And at its centre, mired in both history and cultural significance, is Prince Michael Street (aka Knez Mihailova Street) -- a favourite pedestrian promenade with lively outdoor cafés, street performers, souvenir stands and a few shopping boutiques.
One of the oldest streets in Belgrade, it has always been the central point of the city. During its Roman rule, the street followed the same grid layout it retains to this day. Gardens, drinking fountains and mosques were added during Ottoman occupation. But once the Serbs gained their independence in the 1800s, these fixtures disappeared in favour of a more European flair. Grand buildings in the Renaissance and Art Nouveau styles soon sprung up, built by Serbia’s most wealthy and influential families. Ebullient celebrations were also held here, such as Peter I riding down the thoroughfare during his coronation. In 1870, one year after popular Prince Mihailo Obrenović was assassinated, the street was named after him (there is also a statue of the prince in Belgrade’s Republic Square – not too far away).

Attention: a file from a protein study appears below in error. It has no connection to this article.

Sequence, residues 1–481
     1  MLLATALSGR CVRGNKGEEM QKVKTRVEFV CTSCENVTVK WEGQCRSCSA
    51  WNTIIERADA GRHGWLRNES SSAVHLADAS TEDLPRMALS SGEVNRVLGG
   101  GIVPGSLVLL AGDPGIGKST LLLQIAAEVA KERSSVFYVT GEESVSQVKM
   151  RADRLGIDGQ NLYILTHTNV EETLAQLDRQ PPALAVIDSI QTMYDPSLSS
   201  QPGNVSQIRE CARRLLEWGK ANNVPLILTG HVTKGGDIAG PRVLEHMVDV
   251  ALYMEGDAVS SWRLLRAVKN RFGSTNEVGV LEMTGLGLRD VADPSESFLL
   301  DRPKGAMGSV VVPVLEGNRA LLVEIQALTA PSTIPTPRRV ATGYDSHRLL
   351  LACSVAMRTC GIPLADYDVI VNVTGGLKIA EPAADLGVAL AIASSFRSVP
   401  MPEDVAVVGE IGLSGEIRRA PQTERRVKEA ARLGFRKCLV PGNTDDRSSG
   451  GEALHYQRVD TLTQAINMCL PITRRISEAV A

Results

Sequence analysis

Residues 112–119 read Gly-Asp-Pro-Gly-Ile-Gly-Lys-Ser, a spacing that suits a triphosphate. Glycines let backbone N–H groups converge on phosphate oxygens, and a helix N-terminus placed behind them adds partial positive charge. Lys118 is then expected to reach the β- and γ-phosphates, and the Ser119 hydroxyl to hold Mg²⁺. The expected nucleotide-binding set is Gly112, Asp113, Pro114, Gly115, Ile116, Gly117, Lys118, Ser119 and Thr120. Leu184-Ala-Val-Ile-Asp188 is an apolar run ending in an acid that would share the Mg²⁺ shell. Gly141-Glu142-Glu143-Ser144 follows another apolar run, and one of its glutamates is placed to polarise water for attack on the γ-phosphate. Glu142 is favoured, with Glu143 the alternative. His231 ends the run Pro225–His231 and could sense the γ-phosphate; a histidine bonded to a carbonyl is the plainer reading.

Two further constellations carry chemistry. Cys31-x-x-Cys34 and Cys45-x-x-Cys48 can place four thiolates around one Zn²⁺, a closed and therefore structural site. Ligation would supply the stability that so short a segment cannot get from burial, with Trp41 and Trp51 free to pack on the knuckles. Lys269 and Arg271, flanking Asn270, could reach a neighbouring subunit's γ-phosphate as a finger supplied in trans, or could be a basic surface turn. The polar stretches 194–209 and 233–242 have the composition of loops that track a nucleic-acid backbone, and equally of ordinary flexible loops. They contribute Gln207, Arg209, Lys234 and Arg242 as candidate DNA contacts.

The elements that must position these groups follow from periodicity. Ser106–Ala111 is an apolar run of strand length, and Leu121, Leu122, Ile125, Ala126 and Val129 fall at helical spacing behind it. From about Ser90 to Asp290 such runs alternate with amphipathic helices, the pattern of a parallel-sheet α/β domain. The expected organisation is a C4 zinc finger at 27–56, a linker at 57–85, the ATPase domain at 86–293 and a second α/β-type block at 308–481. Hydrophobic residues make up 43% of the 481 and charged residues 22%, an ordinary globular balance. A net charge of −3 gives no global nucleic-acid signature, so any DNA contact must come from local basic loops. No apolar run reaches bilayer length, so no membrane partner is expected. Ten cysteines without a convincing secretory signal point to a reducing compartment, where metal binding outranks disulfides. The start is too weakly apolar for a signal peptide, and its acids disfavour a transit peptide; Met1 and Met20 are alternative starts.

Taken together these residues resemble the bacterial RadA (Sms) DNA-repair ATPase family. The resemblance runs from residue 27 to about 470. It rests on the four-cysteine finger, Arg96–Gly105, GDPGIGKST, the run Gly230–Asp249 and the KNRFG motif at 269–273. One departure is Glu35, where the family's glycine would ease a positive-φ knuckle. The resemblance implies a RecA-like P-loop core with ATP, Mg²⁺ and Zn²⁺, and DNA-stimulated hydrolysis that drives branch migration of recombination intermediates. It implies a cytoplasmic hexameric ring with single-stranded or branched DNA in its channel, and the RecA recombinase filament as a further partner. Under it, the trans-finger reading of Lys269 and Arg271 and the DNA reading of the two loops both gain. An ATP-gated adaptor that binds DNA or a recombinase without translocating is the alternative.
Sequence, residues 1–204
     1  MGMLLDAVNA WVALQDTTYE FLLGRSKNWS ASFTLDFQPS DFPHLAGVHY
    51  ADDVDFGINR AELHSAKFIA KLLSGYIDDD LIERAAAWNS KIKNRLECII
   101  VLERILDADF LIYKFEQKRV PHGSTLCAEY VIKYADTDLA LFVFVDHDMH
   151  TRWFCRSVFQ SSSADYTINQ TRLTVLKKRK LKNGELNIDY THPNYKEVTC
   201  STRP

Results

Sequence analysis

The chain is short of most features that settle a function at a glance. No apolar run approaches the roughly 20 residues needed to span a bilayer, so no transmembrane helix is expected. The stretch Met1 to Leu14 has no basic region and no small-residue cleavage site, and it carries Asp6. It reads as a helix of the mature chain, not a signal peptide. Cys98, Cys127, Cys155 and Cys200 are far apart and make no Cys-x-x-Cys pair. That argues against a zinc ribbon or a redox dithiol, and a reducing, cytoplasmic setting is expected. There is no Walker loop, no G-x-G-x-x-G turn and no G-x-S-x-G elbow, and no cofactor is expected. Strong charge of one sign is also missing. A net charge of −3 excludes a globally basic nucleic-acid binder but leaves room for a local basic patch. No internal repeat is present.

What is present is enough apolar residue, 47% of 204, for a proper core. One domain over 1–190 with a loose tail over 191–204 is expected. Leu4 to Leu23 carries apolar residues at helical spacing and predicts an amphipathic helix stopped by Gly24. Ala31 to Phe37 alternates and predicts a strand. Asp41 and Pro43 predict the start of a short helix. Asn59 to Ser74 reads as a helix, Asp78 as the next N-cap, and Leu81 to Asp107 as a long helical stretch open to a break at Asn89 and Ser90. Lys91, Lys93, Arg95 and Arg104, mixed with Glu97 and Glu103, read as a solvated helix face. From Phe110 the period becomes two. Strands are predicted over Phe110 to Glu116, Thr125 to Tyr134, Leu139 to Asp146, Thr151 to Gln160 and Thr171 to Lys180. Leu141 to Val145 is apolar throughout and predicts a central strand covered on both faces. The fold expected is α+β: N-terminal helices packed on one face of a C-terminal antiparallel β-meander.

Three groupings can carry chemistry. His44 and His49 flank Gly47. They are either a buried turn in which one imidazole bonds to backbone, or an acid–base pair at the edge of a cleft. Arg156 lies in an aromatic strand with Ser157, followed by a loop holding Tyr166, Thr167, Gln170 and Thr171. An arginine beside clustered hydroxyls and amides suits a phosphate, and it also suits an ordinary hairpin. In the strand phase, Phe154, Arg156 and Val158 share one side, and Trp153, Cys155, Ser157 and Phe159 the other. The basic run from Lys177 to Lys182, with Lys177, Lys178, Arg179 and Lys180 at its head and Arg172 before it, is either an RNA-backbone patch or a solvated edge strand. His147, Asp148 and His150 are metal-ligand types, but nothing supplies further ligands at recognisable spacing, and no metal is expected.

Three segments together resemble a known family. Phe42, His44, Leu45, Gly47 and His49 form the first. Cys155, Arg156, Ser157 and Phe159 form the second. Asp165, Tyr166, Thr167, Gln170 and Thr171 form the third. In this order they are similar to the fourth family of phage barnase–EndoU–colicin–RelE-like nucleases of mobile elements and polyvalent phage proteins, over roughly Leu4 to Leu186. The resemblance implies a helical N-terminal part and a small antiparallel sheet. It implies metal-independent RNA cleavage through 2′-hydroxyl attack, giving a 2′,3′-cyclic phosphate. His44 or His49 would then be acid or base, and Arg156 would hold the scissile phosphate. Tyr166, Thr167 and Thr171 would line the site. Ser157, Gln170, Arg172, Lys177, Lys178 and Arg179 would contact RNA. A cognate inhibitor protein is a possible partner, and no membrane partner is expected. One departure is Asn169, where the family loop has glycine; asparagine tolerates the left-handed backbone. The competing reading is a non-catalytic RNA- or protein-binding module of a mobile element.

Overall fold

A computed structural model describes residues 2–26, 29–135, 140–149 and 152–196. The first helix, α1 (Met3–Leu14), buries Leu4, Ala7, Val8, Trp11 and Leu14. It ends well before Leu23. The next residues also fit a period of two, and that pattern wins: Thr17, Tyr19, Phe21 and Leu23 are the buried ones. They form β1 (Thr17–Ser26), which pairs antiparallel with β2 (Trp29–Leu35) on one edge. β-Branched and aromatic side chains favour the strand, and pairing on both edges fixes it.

One of the most delightful and authentic ways to explore new places is to immerse yourself in local culture, customs and activities. While Prince Michael Street is dotted with such upscale stores as Cesare Paciotti, Swarovski and Diesel – people-watching is an absolute must. Sidewalk cafés are a perfect spot to enjoy Belgrade – as well as enjoy Serbian cuisine and wines and the stunning examples of surrounding architecture.